The first commemorative to be released by the Central Bank of Russia (CBR) is always a pleasure. Their coins are well struck, often well-designed, occasionally quite superb. We also look forward to them winning the competition (every year!) for the longest coin title. With such gems as “The Year of the Russian Federation in the Federal Republic of Germany and the Year of the Federal Republic of Germany in the Russian Federation”, “The Temple of Virgin’s Icon “Joy to All the Lamenting” of the Dalmat Saint Assumption Monastery, Kurgan Region” and our own favourite, “The 70th Anniversary of the Crushing Defeat of the German-Fascist Troops by the Soviet Troops in the Battle of Stalingrad” (also wins an award for subtlety…), there’s never a dull moment with the CBR.
This new coin is part of the Architectural Monuments of Russia series, of which there have been a staggering 32 in the last four years alone, so we don’t expect this to be the only entrant this year. We’d hoped to tell you a bit more about the Shaonin Temple, but Google seemed to want to tell us about the latest Donnie Yen movie, or how to plan a Bruce Lee moviethon. Finding out interesting things about Karachay-Cherkessia, might’ve been quite good as well, but these are not well travelled subjects outside of a bit of geography. Suffice to say, what images we’ve seen of the place look quite breathtaking, straddling the Caucasus Mountains as it does and including the beautiful Mount Elbrus, mountains cover 80% of the country. With 172 rivers, 130 mountain lakes and rainfall in the mountains of up to 2.5m, I doubt anybody ever died of thirst there. Having gold around is also a nice bonus.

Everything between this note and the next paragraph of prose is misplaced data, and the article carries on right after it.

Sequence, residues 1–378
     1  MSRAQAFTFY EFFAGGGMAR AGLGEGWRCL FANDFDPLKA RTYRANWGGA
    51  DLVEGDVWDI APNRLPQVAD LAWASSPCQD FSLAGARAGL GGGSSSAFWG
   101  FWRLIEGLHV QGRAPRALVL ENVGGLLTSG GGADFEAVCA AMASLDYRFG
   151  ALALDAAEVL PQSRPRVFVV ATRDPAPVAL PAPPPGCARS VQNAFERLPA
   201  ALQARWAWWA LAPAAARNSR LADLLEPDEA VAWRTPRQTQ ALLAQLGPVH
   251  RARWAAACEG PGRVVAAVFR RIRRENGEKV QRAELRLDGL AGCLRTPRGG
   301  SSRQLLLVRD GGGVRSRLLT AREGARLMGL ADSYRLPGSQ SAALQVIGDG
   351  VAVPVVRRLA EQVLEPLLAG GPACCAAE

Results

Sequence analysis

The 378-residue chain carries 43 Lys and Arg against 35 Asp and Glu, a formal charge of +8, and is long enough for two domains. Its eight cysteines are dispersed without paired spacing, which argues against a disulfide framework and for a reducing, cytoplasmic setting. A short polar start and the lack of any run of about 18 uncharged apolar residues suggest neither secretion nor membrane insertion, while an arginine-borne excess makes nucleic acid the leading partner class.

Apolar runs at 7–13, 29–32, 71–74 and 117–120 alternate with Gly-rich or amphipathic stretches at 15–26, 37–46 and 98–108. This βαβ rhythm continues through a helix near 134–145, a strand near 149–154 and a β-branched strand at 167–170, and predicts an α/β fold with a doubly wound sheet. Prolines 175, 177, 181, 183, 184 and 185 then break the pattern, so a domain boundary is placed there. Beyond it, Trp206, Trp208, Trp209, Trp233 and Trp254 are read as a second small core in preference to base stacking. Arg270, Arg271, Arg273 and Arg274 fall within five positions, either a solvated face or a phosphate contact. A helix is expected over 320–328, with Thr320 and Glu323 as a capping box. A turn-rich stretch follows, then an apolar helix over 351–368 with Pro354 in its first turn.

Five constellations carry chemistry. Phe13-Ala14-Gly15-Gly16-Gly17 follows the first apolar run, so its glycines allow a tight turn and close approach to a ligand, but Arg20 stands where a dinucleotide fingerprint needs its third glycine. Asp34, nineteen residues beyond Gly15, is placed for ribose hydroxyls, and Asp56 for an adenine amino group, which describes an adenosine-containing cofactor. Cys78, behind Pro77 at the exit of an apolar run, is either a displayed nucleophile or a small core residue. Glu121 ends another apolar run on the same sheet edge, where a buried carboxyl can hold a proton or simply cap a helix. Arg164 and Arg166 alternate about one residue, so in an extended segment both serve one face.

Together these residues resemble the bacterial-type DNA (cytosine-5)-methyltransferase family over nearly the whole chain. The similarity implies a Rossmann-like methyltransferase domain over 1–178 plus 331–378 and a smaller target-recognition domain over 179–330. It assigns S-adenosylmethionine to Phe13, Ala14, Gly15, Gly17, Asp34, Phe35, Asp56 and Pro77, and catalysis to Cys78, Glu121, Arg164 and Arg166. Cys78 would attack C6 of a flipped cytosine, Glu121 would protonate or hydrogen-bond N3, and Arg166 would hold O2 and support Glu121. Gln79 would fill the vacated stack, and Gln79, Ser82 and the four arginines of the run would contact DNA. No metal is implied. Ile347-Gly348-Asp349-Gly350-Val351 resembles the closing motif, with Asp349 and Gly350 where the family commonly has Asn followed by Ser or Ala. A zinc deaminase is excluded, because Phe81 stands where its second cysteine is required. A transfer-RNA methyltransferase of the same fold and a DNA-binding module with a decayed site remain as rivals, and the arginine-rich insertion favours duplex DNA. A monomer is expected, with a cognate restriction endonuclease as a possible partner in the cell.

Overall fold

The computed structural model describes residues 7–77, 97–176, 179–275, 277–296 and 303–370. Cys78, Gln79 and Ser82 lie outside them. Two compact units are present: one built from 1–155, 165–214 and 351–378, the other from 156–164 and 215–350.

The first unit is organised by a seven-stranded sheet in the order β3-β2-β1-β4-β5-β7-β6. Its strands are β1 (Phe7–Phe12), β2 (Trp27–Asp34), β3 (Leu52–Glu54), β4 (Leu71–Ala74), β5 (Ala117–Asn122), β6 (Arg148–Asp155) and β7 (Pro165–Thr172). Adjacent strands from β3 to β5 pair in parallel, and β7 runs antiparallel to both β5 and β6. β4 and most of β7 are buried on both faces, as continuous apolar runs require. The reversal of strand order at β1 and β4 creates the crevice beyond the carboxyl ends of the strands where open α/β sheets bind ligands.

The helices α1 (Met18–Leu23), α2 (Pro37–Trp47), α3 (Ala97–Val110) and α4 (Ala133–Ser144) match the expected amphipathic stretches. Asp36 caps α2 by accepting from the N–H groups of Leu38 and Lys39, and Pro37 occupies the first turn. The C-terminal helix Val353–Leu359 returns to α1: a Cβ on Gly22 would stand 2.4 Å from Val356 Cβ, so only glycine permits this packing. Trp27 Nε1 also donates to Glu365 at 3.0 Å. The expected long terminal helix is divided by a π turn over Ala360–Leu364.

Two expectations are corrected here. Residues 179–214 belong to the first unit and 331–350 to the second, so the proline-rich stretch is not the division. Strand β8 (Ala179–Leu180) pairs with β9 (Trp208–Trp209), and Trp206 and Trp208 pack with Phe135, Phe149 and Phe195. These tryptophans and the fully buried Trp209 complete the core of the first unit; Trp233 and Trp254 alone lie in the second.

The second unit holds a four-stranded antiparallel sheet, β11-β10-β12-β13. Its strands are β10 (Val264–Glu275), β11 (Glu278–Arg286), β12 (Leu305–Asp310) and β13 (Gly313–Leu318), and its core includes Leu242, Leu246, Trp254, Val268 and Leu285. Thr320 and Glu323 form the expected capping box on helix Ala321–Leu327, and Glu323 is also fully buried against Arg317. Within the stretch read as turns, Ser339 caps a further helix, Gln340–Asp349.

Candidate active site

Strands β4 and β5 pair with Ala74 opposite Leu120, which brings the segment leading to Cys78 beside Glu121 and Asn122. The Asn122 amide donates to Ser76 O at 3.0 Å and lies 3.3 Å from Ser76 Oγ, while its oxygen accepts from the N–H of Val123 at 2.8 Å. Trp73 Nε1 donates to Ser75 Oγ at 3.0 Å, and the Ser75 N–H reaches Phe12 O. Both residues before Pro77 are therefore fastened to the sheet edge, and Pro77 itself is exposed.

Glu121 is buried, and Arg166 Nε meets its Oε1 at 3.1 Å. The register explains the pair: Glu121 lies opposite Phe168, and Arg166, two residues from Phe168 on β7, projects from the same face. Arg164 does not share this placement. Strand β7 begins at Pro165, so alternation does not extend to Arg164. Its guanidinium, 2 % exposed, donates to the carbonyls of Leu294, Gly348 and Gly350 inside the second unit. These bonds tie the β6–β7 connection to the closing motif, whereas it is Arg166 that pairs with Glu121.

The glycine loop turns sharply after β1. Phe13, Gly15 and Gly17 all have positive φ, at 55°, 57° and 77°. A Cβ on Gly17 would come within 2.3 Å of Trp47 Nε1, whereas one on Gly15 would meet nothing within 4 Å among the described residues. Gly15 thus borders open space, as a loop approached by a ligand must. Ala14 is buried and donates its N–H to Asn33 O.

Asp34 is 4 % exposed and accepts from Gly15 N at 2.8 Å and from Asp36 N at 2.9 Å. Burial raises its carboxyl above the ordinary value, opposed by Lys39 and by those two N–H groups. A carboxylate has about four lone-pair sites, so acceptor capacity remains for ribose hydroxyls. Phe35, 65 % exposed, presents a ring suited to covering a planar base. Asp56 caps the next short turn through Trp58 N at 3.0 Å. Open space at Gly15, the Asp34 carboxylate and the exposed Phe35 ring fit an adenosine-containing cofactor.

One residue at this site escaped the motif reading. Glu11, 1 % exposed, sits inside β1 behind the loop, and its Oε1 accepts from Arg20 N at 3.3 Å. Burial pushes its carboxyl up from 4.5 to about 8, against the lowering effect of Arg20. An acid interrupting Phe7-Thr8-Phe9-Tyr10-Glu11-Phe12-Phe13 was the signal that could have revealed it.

The coin depicts the temple sat in the mountains (We think. Given the dearth of actual temple images they could put Cinderellas castle on the reverse and we’d be none the wiser). It’s a decent design, but not a stand-out one in my opinion, we’ve definitely seen more interesting designs from this excellent coin issuer. The obverse is as superb as ever, the brilliant Russian double-headed eagle taking centre-stage. Struck in 33.94 g of sterling silver, this means the pure silver content remains at the standard 31.1g (a troy ounce). Limited to 3,000 pieces, these are quite hard to get hold of, but some German dealers stock them, like TopWorldCoins for example. We don’t think these ship with either a box or a Certificate of Authenticity, although we’d love to be enlightened otherwise.